Mating Seven Spot Ladybirds

Soldier Beetle

Silver-ground Carpet Moth

I remembered that whilst living his latter years in an asylum John Clare wrote many poems including (not one of his best) Clock-a-Clay, an alternative name for Ladybird.  This stems from an old Northamptonshire belief that you can tell time from the number of taps on the ground it takes to make a ladybird flyaway.

As we checked out plants along the cliff and grassland we also watched seven Bottled Nosed Dolphins  on the flat calm sea as they travelled north in two groupings.  The conditions were ideal for watching, and this was one of the highlights of the evening.  Birds were never forgotten and perhaps the finest bird sighting of the evening was three Manx Shearwaters skirting the water as they flew south.  Other seabirds seen included small flocks of calling Oystercatcher, Gannets, Kittiwakes, Puffins, Guillemots, Common Scoter and a raft of Eider Ducks.

I never tire of the view towards St Mary’s Island and this evening showed it at its best, with the lighthouse reflected across the water and large ships in the background making towards the entrance of the River Tyne.

As we passed by one of the mounds we bumped into Ray, who it turned out was not only a regular reader of this blog but also, almost a neighbour of mine, living on the same estate.  Having had a long chat, we said our farewells and I said I would give him a mention and so I keep my word.  As we chatted we watched a Common Whitethroat displaying, and later found out the pair had young and we eventually saw the entire family.  This pair was of one of two or three in the immediate area.  Reed Bunting, Skylark and Meadow Pipit were among other species seen and heard.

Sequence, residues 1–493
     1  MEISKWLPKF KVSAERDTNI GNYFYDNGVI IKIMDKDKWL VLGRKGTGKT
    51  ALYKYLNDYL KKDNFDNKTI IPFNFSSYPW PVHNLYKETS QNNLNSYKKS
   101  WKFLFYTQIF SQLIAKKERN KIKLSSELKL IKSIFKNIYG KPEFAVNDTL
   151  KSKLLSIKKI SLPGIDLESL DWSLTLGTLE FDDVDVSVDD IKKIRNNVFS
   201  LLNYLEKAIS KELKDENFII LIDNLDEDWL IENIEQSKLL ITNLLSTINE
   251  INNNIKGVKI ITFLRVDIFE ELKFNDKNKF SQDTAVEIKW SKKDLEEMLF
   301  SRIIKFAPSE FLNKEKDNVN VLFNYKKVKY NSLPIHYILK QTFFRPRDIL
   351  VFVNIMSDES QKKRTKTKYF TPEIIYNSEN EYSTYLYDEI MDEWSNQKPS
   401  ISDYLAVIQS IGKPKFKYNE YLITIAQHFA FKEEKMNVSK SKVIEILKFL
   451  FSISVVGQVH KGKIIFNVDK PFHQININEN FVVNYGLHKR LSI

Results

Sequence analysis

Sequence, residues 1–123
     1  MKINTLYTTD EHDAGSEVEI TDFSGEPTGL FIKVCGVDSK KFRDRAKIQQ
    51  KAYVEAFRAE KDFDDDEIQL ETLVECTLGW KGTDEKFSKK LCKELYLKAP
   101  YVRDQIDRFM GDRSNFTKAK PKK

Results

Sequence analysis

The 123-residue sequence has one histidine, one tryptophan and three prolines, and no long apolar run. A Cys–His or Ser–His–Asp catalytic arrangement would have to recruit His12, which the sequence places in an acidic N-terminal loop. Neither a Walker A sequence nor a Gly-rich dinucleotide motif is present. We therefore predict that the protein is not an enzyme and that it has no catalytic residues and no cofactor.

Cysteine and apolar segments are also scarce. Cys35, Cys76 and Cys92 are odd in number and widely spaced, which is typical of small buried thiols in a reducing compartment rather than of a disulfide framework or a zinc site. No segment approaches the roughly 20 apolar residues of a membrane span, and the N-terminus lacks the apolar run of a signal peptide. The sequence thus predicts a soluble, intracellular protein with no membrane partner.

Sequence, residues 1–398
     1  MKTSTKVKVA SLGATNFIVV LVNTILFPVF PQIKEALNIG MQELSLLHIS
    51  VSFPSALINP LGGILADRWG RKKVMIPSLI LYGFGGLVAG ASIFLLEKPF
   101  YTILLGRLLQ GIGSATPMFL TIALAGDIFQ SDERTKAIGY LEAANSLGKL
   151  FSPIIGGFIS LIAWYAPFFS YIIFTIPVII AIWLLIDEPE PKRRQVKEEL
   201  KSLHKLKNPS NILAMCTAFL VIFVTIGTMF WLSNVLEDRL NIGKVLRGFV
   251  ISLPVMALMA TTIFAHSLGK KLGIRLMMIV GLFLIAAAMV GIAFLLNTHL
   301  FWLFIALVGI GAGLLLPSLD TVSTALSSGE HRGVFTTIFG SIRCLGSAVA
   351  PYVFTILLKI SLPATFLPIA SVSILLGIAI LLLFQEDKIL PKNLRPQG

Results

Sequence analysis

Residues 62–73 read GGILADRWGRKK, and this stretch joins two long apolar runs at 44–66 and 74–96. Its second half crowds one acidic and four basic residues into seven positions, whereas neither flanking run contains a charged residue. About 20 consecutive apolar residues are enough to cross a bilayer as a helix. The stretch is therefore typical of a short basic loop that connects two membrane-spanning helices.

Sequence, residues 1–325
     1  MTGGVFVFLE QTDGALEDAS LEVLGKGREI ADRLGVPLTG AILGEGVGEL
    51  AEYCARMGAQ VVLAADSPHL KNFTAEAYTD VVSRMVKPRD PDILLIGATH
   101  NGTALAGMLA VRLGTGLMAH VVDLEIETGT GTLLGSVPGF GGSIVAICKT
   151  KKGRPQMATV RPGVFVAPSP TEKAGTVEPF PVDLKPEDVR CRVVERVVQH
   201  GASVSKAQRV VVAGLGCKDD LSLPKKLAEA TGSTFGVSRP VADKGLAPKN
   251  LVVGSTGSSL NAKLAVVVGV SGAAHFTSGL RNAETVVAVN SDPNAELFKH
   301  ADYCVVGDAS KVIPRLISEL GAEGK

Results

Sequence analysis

By now the evening atmosphere was one of tranquillity and stillness which clearly encourage a buck and doe Roe Deer to feel relaxed out in the exposed field.  Both seemed in peak condition which was reflected in the condition of their colourful coat.  By the way the buck was scent tasting and approaching a none too keen doe, it appeared that the doe was in heat.  It is not often one can watch Roe Deer so well.  We agreed whilst watching these small deer that there is a tendency to imagine them larger than in fact they are.

Common (??) Fumitory

Three plants that in particular caught the attention were Common Fumitory (or was it Common-ramping Fumitory), White Campion and Sea Plantain.  The former plant took my interest because I had recently wondered why I had never seen fumitories.  The latter plant, and plantains in general, are easy to pass by, but I do find them incredibly attractive plants.  Sea Plantain is adapted to stand up to harsh coastal conditions and can survive short periods under water.  The taproot extends deep into the ground acting as an anchor and the narrow slightly waxy leaves can survive the constant sea spray.  The White Campion's  calyx is formed by fused sepals.

Sea Plantain

White Campion

As we made off towards home, the calm evening was still warm and bright.  The journey was broken by a stop to listen for Quail.  None were heard on this occasion, but what a wonderful evening it had been.